Taiwan may be a small island, but its culture, traditions and vibrant lifestyle still attract many tourists every year. Personally, I wasn’t disappointed when I chose this beautiful country for my vacation, and I can’t wait to visit again. That said, I did notice a few strange and important facts during my stay that I thought I should share with you, so keep scrolling to find out all about them!

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1. Taiwan is quite the rainy country

Rainy street in Jiufen

As Taiwan’s climate is predominantly subtropical (except in the south), the country experiences roughly two monsoon seasons. As Taipei is one of the wettest and cloudiest cities in Taiwan, you should plan your trip accordingly, or spend more time in the south, where the weather is considerably drier.
If you want to avoid rain as much as possible, I’d advise you to travel to Taiwan in winter, because even though temperatures are lower, the risk of precipitation is lower.

You can also travel with an umbrella and some nice rain boots!

2. You’ll hear the garbage trucks from afar

Taking out the trash isn’t the same thing in Taiwan. Why not? Simply because every day you hear a song, usually Beethoven’s “Für Elise”, and see a stream of people coming out of their houses to throw away their garbage.
Imagine my surprise when I learned that what I had initially thought was an ice cream truck was in fact a garbage truck!

Although this was one of the things I found odd at first, after a while I actually think it’s a pretty great idea, and when you see how clean Taiwan’s streets are despite the scarcity of garbage cans, I guess that says it all, doesn’t it?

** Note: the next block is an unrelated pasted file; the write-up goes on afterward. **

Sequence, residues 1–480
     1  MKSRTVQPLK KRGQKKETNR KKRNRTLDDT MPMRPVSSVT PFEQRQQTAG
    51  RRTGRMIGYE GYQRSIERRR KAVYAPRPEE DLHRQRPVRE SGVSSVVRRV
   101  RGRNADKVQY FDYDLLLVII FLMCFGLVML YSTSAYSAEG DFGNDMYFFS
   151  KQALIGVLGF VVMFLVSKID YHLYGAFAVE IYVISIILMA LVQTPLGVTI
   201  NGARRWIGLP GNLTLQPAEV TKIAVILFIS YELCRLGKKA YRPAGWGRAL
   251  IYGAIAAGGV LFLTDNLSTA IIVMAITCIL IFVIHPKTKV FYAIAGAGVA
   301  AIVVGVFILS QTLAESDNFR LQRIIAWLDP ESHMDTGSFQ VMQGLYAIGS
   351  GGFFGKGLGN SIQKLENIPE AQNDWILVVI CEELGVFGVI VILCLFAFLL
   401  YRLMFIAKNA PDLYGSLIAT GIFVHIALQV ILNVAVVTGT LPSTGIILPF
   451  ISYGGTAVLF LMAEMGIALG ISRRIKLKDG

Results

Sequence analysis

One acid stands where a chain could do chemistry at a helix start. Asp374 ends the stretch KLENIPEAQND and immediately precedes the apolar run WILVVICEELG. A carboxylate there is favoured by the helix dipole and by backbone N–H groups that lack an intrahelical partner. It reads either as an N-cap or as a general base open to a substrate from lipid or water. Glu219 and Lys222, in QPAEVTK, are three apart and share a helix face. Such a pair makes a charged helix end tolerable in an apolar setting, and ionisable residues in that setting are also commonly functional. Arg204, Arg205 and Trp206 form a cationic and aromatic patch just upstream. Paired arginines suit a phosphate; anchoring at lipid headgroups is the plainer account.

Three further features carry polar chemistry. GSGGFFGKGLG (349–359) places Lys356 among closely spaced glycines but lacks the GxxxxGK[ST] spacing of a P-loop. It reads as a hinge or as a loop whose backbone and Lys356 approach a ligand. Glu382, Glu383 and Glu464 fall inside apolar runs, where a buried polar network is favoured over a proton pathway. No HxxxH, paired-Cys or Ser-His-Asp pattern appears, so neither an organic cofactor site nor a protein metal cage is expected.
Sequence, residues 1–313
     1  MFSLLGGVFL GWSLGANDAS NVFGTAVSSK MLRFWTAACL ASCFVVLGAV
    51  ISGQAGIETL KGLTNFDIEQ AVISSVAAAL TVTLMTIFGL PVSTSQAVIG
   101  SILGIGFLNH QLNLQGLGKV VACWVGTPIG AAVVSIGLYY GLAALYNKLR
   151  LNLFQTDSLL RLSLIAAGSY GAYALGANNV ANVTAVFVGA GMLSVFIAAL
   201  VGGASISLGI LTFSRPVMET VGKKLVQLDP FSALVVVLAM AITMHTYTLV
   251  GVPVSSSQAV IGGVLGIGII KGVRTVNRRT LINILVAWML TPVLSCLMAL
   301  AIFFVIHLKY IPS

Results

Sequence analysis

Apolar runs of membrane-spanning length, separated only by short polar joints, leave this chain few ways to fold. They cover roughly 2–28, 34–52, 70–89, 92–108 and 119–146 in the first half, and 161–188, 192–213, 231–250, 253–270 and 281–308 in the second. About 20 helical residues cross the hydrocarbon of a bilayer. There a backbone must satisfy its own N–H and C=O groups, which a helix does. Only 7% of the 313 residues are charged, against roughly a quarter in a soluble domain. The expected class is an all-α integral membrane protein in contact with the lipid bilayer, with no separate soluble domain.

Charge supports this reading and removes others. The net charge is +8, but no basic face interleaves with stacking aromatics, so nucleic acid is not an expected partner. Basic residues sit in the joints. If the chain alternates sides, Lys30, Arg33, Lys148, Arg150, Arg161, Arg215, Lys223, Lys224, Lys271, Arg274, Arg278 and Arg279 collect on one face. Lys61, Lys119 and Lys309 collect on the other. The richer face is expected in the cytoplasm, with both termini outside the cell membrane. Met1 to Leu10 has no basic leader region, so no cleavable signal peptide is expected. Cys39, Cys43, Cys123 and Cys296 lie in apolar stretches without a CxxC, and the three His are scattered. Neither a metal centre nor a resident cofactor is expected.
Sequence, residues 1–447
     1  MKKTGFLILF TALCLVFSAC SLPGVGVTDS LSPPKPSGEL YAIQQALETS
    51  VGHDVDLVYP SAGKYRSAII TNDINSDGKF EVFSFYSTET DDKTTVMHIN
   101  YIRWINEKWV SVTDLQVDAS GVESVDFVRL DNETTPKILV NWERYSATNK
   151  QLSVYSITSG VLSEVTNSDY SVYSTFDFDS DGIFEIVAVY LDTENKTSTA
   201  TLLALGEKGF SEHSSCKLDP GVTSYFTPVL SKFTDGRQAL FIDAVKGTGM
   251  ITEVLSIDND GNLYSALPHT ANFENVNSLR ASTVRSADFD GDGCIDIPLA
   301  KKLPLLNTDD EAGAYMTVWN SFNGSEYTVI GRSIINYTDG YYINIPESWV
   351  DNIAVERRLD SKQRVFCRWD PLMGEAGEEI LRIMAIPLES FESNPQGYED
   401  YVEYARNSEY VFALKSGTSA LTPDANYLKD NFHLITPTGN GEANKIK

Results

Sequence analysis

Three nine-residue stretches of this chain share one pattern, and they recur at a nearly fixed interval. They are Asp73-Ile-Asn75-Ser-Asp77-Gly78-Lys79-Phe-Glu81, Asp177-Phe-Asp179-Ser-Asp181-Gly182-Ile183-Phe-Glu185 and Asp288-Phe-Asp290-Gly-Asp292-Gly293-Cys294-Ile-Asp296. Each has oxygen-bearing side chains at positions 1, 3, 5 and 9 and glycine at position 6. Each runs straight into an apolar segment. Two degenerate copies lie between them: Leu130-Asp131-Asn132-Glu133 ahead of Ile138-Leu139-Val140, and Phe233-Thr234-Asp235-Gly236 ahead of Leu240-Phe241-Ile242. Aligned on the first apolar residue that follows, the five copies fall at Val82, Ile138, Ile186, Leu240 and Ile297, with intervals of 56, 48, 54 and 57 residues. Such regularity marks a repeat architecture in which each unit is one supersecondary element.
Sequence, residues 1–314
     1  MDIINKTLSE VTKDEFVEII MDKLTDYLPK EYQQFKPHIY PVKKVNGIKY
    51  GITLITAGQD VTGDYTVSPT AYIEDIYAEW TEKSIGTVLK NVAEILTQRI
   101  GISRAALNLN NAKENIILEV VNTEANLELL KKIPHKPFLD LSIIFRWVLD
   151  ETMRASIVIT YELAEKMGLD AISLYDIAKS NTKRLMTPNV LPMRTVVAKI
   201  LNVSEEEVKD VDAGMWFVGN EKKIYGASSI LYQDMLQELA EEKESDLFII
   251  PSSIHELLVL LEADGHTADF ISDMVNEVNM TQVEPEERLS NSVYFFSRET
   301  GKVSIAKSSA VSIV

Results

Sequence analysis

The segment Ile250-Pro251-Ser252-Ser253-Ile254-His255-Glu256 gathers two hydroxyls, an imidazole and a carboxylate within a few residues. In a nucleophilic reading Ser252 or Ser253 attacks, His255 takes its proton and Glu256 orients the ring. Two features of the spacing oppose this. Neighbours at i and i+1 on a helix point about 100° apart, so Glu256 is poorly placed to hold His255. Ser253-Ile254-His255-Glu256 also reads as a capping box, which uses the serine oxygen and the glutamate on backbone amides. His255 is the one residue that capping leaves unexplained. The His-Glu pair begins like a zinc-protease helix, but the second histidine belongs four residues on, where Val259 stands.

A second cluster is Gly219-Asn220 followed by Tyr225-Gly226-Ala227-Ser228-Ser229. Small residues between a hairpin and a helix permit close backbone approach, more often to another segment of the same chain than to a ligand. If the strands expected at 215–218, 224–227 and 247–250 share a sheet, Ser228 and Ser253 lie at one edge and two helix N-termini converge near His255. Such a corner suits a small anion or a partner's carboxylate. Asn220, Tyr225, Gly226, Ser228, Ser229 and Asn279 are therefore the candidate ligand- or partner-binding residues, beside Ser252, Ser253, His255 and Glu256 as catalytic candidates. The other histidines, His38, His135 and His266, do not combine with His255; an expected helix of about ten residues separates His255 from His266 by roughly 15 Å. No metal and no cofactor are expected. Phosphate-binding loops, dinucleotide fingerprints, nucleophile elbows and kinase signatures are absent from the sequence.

3. Taiwan is only recognized by 13 countries

What does this mean? If you don’t know much about the country’s history, let me tell you that it’s rather complicated, mainly due to political tensions with China. You may have heard some people refer to Taiwan as a territory and others as a country. So here’s the problem: if you ask different people about it, chances are they’ll disagree.

Why is this? To simplify the explanation: for a territory to be considered a country, 193 member states of the United Nations must recognize it.
Unfortunately, at present, only 13 of these member states recognize Taiwan as a sovereign country.
Try debating this at your next gathering of friends or family and see how people have differing opinions on the subject.

4. Cycling around the island

lotus pond

Getting around Taiwan is easy enough thanks to an efficient and fairly inexpensive transportation network. As the territory is also quite small, whether you choose to take a day trip or cycle around the island, you should know that it’s perfectly feasible and shouldn’t take you more than a couple of weeks. You’ll also meet other cyclists, as Taiwan is a popular and picturesque destination for our two-wheeled friends.

So start stretching your legs now and embark on a beautiful journey along Taiwan’s cycling routes!

5. The bubble tea nation

Bubble tea

Who hasn’t heard of the famous beverage that can now be found just about everywhere in the world? But did you know that it originated in Taiwan, and more specifically in Tainan?

If not, now’s your chance to try the original! This drink, also known as “boba”, is made from tea, milk and, usually, those black gelatinous tapioca pearls. While the description may sound unappetizing, I’m sure it will delight the palate of children and adults alike once you’ve tried it!